I had the privilege to attend three days of Comic Con this year- Thursday through Saturday evening. Though this was the most crowded Comic Con I’ve attended so far, I was able to get into several panels, and see plenty of the main floor, and the fantastic costumes people put on for the event.
First off, early on Thursday morning was “The Witty Women of Steampunk.” This all-star panel included authors Anina Bennett, Gail Carriger, and Kaja Foglio, as well as actresses Robin Blackburn (The League of S.T.E.A.M.) and Robin Thorsen (The Guild). The panel was moderated by none other than Lady Steam herself, Dina Kampmeyer. These dauntless women discussed a variety of subjects, including reclaiming the corset, and what got them into Steampunk in the first place. Though they each came from different backgrounds, all were inspired by what Anina Bennett called, “the birth of the progressive era,” and the panel professed that they had a certain weakness for Victorian era clothing. Robin Blackburn added (to complete mutual agreement), “The Steampunk community is one of the strongest things that inspires me.” Foglio, Blackburn, and Bennett were enamored with the science of the era, and the infinite possibilities it seemed to present.
On the other end of the spectrum, Gail Carriger offered plenty of advice about how to find a proper fitting corset, taken from her years of experience working as a corsetiere. A properly fitting corset, she explained, gives you a nice shape and often offers more comfortable support than a traditional bra, especially for women with larger bust sizes. The panel ended on this cheerful and humorous note, and I had the opportunity to see many beautiful costumes close up, on women from a wide variety of age groups.
Unfortunately, I wasn’t able to get into the Firefly panel. People started lining up the evening before, camping out for a chance to get in, and several con goers told me eagerly about how Joss Whedon came out late at night to greet everyone and give as many people a hug as possible, crying as he did so. People who camped out all night for The Hobbit panel received a similar treat, with actor Sir Ian McKellen generously coming out to take pictures and greet eager fans. Spotting celebrities at Comic Con isn’t an uncommon occurrence- I was lucky enough to run into Arthur Darvill (Rory from Doctor Who) and Felicia Day (The Guild). They were both warm and welcoming, taking time from their busy schedules to shake my hand and ask me how I was enjoying the Con.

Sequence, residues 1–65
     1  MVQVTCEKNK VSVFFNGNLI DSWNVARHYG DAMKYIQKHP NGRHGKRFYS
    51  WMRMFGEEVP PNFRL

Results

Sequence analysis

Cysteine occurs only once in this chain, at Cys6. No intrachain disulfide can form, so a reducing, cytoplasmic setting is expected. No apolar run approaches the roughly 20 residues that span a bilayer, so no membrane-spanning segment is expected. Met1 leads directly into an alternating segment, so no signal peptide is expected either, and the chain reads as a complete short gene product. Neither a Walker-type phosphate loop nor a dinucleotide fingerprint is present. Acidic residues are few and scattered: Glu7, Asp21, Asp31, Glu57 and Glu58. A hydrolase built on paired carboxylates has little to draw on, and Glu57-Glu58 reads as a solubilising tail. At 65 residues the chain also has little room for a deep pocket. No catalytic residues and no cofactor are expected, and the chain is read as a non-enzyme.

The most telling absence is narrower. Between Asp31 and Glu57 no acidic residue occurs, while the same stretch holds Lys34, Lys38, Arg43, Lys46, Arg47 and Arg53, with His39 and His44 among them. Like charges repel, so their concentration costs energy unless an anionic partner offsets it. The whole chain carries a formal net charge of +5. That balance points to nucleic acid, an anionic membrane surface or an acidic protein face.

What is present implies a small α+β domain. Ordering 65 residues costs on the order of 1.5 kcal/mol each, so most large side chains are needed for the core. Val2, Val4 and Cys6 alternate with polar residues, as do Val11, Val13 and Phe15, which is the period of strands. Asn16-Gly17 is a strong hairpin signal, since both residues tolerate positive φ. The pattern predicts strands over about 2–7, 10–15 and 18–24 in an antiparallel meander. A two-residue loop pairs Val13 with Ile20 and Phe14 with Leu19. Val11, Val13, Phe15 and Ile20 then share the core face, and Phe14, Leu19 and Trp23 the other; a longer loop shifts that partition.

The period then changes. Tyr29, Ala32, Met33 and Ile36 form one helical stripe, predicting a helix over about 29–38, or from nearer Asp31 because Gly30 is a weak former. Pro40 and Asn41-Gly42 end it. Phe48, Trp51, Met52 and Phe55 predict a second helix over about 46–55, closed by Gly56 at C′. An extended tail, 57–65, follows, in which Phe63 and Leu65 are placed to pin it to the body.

By far the largest panel I attended was the Legendary/Warner Brothers extravaganza. People were again camping out all night, with more than seven thousand in the regular line alone. I was in the disabled line, which while considerably shorter, still had several hundred people waiting. Hall H, where the panel was held, has a capacity of 6500 people, and was completely full, with what seemed to be enough people to fill the room twice over still stuck waiting outside, hopeful that they would get in. The line and the crowds were well worth it, as Legendary pulled out an impressive array of screenings and showings, utilizing screens on both the front and side of the halls for a fully immersive display. Guillermo del Toro spoke about his giant robots versus giant aliens epic, Pacific Rim, showing some exclusive, impressive footage that still managed to keep much of the details secret. Legendary had a surprise up their sleeve; after del Toro’s panel, they showed a surprise trailer for the soon to be filmed Godzilla film, and a Q and A with director Gareth Edwards. They showed Man of Steel last, a Superman reboot starring Henry Cavill and directed by Zack Snyder. Warner Brothers then took over for what was arguably the most eagerly anticipated part of the panel- twelve minutes of exclusive footage from The Hobbit, and a Q&A with Peter Jackson, Philippa Boyens, Martin Freeman, Sir Ian McKellen, Andy Serikis, Richard Armitage, and surprise guest Elijah Woods. Filming took over a year, but from the brief section I saw, will all be gloriously worth it.
The convention floor was packed with people in costume, from cosplays to original character designs. It was often hard to move around because there were so many people, but the photos I took and the memories made it all worthwhile.